A visual feast
The Little Prince
The Little Prince is a little book with big messages. It’s a children’s tale loved by adults. It’s simple in narrative but filled with complex meanings. It’s also a book full of whimsical drawings brought to life in a visually dramatic theatrical piece by the Sacramento Theatre Company (STC). This philosophical fable can be enjoyed on many levels, but the secret is not to worry about finding a deeper truth. Instead, just sit back and enjoy this odd story about a lonely, intergalactic prince’s search for companionship.
Written by French author and aviator Antoine de Saint-Exupéry in 1943, the story opens with a highly creative young boy frustrated with the adult world’s lack of imagination. He eventually grows up to be a pilot who learns to suppress his childish wonders.
The pilot crashes his plane in the Sahara, and in his wanderings, he meets a young boy with an amazing tale of travel. The boy is the prince and only inhabitant of a very small planet, and he’s on a quest for enlightenment.
STC’s show illuminates the little prince’s adventures here on Earth and on various other planets. The play is a little longer than one hour, which is perfect for the attention span of the younger members of the audience. However, this shortened version abbreviates musings and plot, so it feels choppy and disjointed at times.
If deeper meanings escape audience members, they’ll still be captivated by the colorful costumes, and the imaginative props and backdrops. This Little Prince is a picture book brought to life in beautiful, 3-D glory. Major kudos to the set and costume designers.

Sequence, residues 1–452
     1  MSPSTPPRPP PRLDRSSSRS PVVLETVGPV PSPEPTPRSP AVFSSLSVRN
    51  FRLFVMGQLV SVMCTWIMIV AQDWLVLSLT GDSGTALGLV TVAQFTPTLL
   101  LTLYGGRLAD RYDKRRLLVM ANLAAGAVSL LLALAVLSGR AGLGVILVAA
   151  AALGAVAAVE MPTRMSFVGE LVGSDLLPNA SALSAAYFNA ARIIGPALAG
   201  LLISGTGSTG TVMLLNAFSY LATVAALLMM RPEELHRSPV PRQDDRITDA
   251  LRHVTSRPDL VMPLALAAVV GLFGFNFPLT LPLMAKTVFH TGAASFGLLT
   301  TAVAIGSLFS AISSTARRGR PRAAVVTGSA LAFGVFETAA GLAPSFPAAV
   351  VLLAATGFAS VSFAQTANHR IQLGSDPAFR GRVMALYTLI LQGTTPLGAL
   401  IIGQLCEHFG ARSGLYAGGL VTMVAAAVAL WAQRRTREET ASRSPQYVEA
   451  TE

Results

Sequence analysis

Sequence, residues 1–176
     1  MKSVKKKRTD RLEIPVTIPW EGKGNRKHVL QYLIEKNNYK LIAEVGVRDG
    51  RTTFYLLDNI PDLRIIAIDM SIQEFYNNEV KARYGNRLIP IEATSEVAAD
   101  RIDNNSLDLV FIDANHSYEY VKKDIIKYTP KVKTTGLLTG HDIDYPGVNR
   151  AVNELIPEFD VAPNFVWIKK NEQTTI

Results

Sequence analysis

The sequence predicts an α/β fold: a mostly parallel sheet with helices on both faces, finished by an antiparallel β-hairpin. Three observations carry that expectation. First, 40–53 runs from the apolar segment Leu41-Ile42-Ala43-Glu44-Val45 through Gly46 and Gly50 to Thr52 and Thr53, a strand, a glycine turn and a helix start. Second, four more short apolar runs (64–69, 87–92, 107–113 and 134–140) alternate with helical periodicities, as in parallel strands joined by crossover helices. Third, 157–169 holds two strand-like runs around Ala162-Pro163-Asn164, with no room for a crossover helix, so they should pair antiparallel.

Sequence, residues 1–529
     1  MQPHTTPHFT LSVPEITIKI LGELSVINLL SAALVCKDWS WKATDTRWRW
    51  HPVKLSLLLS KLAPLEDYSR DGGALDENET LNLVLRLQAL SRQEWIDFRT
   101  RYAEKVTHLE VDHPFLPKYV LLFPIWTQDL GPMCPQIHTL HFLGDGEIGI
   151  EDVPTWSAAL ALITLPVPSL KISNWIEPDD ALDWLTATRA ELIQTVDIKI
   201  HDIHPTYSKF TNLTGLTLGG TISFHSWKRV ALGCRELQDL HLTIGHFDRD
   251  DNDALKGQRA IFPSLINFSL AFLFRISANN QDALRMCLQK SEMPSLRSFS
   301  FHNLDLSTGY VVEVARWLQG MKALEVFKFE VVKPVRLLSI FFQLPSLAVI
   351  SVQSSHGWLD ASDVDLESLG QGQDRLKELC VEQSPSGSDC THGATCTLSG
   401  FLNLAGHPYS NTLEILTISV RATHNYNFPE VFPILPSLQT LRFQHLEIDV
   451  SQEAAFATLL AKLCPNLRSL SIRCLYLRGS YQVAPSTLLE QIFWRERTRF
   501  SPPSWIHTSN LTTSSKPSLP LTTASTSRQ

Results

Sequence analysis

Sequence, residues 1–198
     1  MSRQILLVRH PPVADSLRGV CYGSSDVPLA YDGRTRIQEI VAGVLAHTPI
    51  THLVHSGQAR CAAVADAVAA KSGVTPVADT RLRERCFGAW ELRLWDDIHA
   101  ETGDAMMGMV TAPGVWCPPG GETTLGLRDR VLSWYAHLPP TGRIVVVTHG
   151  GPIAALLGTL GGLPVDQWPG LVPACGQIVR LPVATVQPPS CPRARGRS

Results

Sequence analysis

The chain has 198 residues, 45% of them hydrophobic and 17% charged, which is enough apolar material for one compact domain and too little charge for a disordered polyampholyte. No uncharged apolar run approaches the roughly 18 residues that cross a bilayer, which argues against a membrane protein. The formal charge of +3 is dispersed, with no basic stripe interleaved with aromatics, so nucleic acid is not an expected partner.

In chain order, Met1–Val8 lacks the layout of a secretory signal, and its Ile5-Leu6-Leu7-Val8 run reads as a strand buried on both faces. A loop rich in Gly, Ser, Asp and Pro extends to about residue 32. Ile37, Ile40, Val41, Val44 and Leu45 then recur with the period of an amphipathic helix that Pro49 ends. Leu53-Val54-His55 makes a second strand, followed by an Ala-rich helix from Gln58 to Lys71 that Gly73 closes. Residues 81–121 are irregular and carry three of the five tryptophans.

This show is also a chance for young performers to shine. It’s the debut of STC’s Young Professional Company (STC-2), which is made up of 20 talented young actors between 12 and 19 years old. Though most of the troupe members play supportive roles, there are some gifted young actors who take on key characters, including the two remarkable young women who trade off portraying the young prince (Rebecca Clouse and Paige Silvester).
In the aviator role, Mark K. Miller manages to be accessible without being patronizing, lending a quiet reserve to the part of the grownup who yearns to rediscover his inner child.
In a nice touch for both young audience members and the young performers, there is a meet-and-greet afterward, in which the performers sign autographs for star-struck kids and adults alike.